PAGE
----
He made it.
Nik Wallenda successfully crossed U.S. 41 in Sarasota 200 feet above the ground Tuesday morning on a wire, providing a postcard view of the Circus City.
Though most viewers either viewed it from the ground, their condo units or on TV, Sarasota on a wire looks beautiful as he stretched from the crane by the Unconditional Surrender statue going eastbound about 600 feet to a penthouse condo atop Marina Tower, Wallenda said.
"It looks just as amazing as it does down here," Wallenda told Patch, about his walk that took less than 10 minutes to complete. "It's a beautiful city, and I want to buy that condo when I can afford it."
About 10,000 to 12,000 people attended the walk, according to estimates from the Sarasota Police Department.
Wallenda's walk came together relatively quickly. It was just one week ago that the City Commission approved Wallenda's walk without a tether, and the rest of the week was spent securing permits to close down U.S. 41.
And then just to get up to the wire included some danger, too. The crane company was concerned about Wallenda riding up on the headache wrecking ball, so instead he had to be lifted in a basket and then climb a ladder to the wire where he had to lean down to grab his balance pole from Pedro Reis, co-founder and CEO of Circus Sarasota.
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"It actually makes it more dangerous to be honest, but it's procedure, so that's what we do," Wallenda said.
Florida Department of Transportation didn't let Wallenda's crew to first close down the road until 3 a.m. for the initial rigging.
"Because it was so dark out last night when it was rigged you couldn't see how high [the wire] was," Wallenda said. "So this morning we came in and realized it was about 25 feet too high. I would have been walking very, very steep downhill."
After some adjustments, there was still a 12-foot height difference.
"All's well that ends well," he said.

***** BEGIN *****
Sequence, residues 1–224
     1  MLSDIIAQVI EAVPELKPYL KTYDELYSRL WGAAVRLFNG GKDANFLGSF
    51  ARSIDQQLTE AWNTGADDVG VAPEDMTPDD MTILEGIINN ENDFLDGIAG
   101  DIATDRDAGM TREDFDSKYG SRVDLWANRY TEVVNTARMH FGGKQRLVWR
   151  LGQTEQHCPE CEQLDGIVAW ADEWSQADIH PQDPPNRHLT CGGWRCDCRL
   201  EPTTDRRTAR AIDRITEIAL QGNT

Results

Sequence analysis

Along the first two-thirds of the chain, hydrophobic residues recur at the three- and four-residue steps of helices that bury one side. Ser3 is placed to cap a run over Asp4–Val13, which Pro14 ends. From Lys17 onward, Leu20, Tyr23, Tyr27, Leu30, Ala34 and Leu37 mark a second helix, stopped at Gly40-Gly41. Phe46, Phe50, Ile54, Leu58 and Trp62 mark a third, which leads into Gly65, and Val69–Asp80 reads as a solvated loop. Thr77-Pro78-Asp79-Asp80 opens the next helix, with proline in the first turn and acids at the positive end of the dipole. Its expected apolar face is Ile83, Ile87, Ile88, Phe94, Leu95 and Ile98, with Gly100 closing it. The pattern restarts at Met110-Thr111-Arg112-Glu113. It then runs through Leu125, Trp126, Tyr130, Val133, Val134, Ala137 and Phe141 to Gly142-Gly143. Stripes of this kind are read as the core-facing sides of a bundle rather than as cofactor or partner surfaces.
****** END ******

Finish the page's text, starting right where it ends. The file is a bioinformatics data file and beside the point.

Still, there is always something unexpected during each wire walk. Here, the wire wasn't as taught as he liked as the rope pullers didn't anchor the wire to his liking, as it moved on his feet a bit.
At one point during the live broadcast, he told TV viewers "Who do I need to spank when I get down?"
Battling winds that he joked felt like "900 miles per hour," Wallenda said the wind was stronger than expected and that his Niagara Falls walk in 2012 with the rain and the gusts helped him mentally prepare for this walk.
Wallenda notably has his family by his side helping him rig and repair, and folks at the walk also saw Jungle Jack Hanna talking to Wallenda.
"He's just a close friend. He's just a lovely man that I spend time with his family, and he spends time with my family," Wallenda told Patch. "It's always nice to have someone like that around."
Oh, and Hanna "also bought tickets to Circus Sarasota," he added, prompted by Reis at his side.
After so many walks, the crowd expects Wallenda to do something unexpected himself. Call somebody, sit on the wire. Here, he knelt.
"When I knelt down, I was promoting my appearance at Circus Sarasota, that's what I was thinking," Wallenda said, prompting laughs.
The walk served as a promotion for Wallenda's Circus Sarasota show. Reis said the Baltimore Orioles Spring Training Schedule had elements starting earlier this year, meaning the circus had to adjust its schedule and thought there would be a dip in ticket sales. So who else could sell out the house?
"The only man who could help us sell tickets this year was Nik Wallenda," Pedro said.
The show runs through Friday, Feb. 15 under the Big Top across from Ed Smith Stadium.
The show includes Wallenda's family performing trademark Wallenda acts, legendary aerialist Dolly Jacobs, a juggling married couple and a ventriloquist.
For more information, visit circussarasota.org.
It's a great way to meet Wallenda, especially if you couldn't make it out to the skywalk, Reis said. Wallenda meets with the crowd and signs autographs after each show.
Sarasota Mayor Suzanne Atwell also congratulated Wallenda after his walk, praising his work to help promote the city.
"Nik is a true son of Sarasota," Atwell said.
And that true son, is always working on his next walk. Not only will he appear on morning television soon to announce a date for his 5,000-foot long walk across the Grand Canyon, but he said he will plan another wire walk in Sarasota soon.
The Wallendas are also set to be the featured act at Mixon Fruit Farms' annual Orange Blossom Festival in Bradenton in March. The Wallendas are scheduled to offer three performances over two days, March 2 and March 3.
Until then, catch Nik at the circus.
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